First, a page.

Smart eaters: Humans may know ‘right size’ portions of high-calorie foods

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New research is challenging the belief that humans cannot moderate food according to its calorie content. Evan Dalen/Stocksy Humans were thought to be unaware of the energy content of the foods they eat, and therefore, believed to have a tendency to eat the same amount of food in weight, regardless of its energy density.

However, a new study finds that humans may have more nutritional intelligence than thought. The research shows that in a real-world setting, people reached a point where they limit the food they eat according to the calories it contains.

In everyday life, we are surrounded by well-promoted, palatable energy-dense high fat foods making it easy for people to exceed their energy expenditure, contributing to weight gain and obesity.

Until now, it has been generally accepted that people possess a willingnessTrusted Source to overeat high-energy or calorie-rich foods, consuming them in the same way as energy or calorie-poor foods.

A new study from researchers at the University of Bristol suggests humans subconsciously limit the size of their meals according to the calorie content of the food.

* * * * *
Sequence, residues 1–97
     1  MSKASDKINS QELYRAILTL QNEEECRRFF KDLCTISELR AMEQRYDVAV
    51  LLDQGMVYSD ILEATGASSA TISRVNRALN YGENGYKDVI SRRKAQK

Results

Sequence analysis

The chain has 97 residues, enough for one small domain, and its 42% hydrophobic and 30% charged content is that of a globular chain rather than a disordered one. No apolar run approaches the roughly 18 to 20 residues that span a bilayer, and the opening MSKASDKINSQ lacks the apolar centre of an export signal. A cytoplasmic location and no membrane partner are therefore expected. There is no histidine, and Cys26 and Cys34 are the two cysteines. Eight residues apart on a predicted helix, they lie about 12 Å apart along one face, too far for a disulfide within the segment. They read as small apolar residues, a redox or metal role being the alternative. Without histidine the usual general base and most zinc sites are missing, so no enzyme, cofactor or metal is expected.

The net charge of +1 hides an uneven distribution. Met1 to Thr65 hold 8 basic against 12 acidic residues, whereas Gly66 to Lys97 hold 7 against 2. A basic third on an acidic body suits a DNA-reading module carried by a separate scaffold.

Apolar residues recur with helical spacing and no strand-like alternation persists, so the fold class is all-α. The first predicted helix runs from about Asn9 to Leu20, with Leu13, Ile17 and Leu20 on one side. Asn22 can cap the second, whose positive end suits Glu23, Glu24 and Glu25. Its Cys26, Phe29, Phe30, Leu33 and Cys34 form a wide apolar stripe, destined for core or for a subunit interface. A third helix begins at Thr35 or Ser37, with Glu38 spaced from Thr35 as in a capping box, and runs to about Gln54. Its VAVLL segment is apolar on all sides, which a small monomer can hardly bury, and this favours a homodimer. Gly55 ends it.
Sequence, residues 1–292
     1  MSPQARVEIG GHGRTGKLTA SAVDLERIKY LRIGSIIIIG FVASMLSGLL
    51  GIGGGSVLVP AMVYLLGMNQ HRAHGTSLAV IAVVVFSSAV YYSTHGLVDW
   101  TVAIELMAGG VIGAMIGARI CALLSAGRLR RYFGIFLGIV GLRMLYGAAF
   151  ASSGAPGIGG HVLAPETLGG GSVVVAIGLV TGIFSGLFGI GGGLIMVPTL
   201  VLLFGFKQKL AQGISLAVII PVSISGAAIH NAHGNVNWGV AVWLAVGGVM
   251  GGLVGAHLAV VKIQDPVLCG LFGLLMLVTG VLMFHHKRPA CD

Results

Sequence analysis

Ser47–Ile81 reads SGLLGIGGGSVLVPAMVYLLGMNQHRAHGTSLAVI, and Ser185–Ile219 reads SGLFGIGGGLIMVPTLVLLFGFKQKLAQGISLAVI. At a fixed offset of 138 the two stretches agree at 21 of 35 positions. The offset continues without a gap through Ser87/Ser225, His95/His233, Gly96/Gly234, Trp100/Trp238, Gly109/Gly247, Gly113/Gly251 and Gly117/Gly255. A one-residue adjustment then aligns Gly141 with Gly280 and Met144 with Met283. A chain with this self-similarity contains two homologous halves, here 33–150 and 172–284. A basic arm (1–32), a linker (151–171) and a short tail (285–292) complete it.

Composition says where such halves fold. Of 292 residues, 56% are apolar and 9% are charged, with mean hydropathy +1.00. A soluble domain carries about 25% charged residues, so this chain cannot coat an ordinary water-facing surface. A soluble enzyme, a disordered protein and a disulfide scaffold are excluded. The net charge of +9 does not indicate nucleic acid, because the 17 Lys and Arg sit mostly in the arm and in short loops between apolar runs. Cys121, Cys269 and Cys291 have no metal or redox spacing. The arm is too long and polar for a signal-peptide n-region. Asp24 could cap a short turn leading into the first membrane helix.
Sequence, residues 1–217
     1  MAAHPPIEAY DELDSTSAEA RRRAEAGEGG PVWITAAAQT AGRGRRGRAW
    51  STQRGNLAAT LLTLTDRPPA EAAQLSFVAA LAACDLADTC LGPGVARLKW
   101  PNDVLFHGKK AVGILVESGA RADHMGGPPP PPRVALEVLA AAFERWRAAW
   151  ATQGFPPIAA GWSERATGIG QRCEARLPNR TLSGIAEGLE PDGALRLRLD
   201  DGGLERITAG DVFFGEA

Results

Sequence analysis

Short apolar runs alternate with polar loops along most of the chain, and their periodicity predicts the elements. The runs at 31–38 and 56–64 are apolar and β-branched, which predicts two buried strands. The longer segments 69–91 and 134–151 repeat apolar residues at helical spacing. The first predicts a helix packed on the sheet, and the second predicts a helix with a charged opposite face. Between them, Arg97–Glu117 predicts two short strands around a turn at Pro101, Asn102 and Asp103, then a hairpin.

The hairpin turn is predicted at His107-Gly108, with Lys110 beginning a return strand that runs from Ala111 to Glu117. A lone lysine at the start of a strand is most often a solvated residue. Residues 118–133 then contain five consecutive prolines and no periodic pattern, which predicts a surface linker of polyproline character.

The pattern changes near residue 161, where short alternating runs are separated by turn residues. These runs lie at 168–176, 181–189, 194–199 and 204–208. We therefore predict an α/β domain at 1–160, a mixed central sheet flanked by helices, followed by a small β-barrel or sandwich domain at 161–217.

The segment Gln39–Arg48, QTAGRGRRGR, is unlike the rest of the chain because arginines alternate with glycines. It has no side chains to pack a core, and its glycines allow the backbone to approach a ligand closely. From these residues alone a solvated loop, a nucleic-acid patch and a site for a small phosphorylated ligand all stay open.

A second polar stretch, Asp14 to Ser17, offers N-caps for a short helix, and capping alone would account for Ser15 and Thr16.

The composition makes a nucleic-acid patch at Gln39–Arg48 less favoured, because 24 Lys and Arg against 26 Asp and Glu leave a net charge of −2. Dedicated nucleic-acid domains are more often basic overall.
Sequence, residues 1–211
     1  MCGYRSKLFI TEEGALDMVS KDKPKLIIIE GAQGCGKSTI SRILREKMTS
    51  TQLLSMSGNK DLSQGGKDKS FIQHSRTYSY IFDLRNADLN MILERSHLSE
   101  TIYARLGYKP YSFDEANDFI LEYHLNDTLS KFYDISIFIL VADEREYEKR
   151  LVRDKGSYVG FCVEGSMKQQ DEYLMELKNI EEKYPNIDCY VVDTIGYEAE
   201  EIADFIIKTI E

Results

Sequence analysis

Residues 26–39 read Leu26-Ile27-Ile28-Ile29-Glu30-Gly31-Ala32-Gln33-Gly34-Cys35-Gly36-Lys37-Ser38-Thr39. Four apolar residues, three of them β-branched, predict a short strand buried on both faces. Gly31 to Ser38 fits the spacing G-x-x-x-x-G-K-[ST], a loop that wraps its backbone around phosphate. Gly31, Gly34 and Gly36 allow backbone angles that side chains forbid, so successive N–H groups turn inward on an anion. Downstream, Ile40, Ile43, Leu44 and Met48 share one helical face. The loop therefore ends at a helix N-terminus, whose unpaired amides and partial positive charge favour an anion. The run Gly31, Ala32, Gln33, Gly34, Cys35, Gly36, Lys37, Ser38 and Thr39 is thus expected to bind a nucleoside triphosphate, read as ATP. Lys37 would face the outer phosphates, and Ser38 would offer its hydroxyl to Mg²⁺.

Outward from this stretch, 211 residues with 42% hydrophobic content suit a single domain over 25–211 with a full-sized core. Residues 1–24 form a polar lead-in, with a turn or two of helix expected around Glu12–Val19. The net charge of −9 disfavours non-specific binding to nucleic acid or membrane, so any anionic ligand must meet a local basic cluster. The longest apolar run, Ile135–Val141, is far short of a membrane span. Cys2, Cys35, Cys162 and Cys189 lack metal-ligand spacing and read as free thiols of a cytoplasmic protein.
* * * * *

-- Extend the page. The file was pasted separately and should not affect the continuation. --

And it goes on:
This, researchers say, stems from inherent nutritional wisdom or nutritional intelligence, or people’s ability to respond to the nutritional content of the food that they eat or are planning to eat.The study was published in The American Journal of Clinical Nutrition.

Real life and controlled eating Speaking to Medical News Today, Dr. Jeff Brunstrom, professor of experimental psychology and one of the study authors, explained that the traditional way to look at dietary behavior is to “take the food and then to manipulate the food”. He said researchers then generally add extra calories or protein to the food and study the participant’s response to see if there is any change. In the current study, researchers studiedTrusted Source participants’ responses to meals eaten in a controlled environment. They monitored and recorded the meals of 20 healthy adults who lived in a metabolic hospital ward for 4 weeks.

The researchers also included “free-living” participants taking part in the U.K. national diet and nutrition survey in their study. They recorded all the foods and drinks the participants consumed via a diet diary for 7 days.

In total, the researchers analyzed 32,162 meals after excluding snacks (<200 kcals) and meals that were high density (>4 kcals/gm). The researchers recorded the calorie content, grams, and energy density (kcal/gm) of all meals.

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